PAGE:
To be fair, these are not necessarily the attitudes of people who are disinterested in art — I’d be willing to bet that a fair few of those who walked away from the performance muttering about scientific research council funding being wasted on the arts also have memberships at cultural institutions. That said, whilst being consumers of culture, few scientists really see themselves as having much of a role in its creation. In an increasingly competitive funding landscape, does it really make sense to spend research money on an art project? Does engaging with the arts mean that they are less serious as scientists?
Here, I’d like to make an argument that art is good for scientists, and that there are many reasons they shouldn’t be quite so afraid of letting artists loose in their laboratories.
Data monologue or dialogue? Data Soliloquies is an interesting book, produced by a former artist in residence at UCL, looking at environmental data in a cultural context.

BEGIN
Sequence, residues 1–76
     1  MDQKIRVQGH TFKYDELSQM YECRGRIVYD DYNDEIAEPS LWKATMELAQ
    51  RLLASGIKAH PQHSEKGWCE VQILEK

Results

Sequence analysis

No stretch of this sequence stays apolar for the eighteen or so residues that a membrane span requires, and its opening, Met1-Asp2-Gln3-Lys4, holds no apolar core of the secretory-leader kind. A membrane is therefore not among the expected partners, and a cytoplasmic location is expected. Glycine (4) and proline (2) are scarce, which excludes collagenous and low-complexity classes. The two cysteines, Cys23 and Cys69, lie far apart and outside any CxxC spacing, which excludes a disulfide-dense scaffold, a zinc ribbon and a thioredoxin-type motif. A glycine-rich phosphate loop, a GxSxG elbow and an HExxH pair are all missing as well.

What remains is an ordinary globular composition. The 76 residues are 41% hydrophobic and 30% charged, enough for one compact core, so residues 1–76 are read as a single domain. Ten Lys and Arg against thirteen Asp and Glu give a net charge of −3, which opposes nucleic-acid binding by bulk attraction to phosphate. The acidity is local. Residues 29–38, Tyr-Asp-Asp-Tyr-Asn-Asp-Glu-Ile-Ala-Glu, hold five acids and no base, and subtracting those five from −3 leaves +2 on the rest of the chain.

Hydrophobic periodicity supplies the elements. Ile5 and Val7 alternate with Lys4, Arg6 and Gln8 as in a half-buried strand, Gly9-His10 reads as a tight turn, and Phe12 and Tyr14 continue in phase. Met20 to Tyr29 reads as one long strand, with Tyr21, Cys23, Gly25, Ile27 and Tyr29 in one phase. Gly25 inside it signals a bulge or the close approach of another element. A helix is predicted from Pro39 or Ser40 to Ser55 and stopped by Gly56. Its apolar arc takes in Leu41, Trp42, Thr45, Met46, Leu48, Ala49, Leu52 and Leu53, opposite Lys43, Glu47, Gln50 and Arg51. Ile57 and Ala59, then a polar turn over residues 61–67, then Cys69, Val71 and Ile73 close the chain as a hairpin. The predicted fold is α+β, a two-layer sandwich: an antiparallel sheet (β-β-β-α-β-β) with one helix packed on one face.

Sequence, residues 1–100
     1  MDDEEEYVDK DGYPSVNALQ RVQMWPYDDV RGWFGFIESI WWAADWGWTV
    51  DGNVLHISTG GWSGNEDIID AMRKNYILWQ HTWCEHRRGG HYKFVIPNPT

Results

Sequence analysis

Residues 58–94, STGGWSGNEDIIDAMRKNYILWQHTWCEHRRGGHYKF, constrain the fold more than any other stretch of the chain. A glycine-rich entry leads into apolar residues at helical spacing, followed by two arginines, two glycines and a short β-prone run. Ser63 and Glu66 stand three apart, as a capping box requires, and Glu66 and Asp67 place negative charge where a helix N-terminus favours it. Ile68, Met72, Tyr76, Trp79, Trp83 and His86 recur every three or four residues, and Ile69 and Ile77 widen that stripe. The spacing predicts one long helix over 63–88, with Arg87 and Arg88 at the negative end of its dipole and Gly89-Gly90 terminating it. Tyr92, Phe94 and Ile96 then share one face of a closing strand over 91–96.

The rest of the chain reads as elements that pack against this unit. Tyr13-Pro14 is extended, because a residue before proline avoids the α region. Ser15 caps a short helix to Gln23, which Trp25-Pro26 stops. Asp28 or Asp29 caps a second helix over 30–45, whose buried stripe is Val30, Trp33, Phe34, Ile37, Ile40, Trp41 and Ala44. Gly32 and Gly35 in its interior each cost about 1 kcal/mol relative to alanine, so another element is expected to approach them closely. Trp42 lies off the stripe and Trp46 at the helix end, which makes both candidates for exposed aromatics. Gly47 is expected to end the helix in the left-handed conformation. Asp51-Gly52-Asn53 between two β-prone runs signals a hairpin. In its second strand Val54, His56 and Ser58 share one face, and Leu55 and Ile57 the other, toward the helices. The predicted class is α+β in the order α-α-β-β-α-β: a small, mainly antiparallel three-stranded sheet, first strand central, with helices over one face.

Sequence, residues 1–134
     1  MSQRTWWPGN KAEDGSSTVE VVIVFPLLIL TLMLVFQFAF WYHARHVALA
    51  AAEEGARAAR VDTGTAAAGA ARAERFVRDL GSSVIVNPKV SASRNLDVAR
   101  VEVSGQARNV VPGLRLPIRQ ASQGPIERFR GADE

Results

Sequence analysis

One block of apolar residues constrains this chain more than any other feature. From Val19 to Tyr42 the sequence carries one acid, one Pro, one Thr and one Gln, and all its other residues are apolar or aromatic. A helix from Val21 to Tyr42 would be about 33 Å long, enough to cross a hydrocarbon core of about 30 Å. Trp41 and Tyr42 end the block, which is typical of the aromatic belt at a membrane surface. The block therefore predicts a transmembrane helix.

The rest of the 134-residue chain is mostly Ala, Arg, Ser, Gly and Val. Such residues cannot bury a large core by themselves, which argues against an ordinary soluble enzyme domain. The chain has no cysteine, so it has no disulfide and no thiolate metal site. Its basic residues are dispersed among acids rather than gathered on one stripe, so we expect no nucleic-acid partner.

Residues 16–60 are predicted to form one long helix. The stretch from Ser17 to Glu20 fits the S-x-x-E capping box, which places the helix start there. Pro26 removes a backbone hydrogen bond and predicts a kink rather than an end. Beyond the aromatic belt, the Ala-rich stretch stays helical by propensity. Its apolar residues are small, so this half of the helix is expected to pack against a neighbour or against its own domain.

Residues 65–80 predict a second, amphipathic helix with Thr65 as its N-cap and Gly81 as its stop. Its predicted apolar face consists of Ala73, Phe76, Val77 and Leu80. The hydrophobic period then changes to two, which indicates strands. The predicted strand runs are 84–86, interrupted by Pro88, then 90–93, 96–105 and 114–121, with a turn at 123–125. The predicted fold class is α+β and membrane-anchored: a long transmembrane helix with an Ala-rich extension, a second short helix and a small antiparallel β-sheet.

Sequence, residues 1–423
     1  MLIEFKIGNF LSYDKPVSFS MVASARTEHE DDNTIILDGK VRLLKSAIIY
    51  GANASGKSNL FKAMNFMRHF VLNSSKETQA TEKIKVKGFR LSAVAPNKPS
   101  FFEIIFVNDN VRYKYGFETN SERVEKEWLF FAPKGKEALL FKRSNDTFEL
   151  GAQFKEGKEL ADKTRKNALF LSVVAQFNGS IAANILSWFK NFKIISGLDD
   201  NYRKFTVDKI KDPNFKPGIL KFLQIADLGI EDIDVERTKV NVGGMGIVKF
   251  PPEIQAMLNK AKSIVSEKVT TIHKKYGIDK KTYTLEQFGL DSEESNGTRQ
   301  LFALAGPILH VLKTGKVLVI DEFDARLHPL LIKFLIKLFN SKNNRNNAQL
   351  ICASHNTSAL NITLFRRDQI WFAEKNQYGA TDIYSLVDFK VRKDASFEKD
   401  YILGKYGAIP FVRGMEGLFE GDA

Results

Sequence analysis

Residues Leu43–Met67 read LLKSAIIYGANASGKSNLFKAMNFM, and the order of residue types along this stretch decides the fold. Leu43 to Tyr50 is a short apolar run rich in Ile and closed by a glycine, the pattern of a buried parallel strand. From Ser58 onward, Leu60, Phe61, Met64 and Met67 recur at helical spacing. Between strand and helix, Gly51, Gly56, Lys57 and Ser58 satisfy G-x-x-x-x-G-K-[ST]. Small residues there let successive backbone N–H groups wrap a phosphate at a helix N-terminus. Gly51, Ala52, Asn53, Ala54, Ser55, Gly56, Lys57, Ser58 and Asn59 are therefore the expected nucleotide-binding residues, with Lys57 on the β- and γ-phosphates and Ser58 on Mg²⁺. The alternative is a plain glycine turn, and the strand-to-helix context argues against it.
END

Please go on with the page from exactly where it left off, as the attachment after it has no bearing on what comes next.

Understanding the Cultural Context of your Research
Hot issues, such as climate change may not be subjects of contention within the scientific community, but it seems clear that the science is not being communicated in a way that has the necessary impact. Although art cannot directly communicate science or change minds, it can create a space for dialogue around difficult issues. Few scientists are likely to deeply consider the role of narrative in their work or the visual impact of their images, but for reaching society as a whole these are vitally important.
Artists are also likely to ask questions that scientists might never think to ask (because they are, well, thinking like scientists). A recent AHRC funding call (see, scientists there is some money in this!) posits that a sophisticated understanding of cultural values, rights, religions, and systems of belief is essential for understanding some of the complex legal, ethical and regulatory policy issues raised in several emerging areas of science and technology. Scientists aren’t trained in this (and that’s ok) — but it is important to engage with people who think about these issues in a different way.
Becoming a better communicator
In my view, art inspired by science isn’t necessarily about the communication of science—it is a response to science. In leaving the scientific arena where it is all to easy to use technical jargon, working with artists can make you rethink the way that you communicate your research. How can you convey the complexity of the problem, while also making it accessible?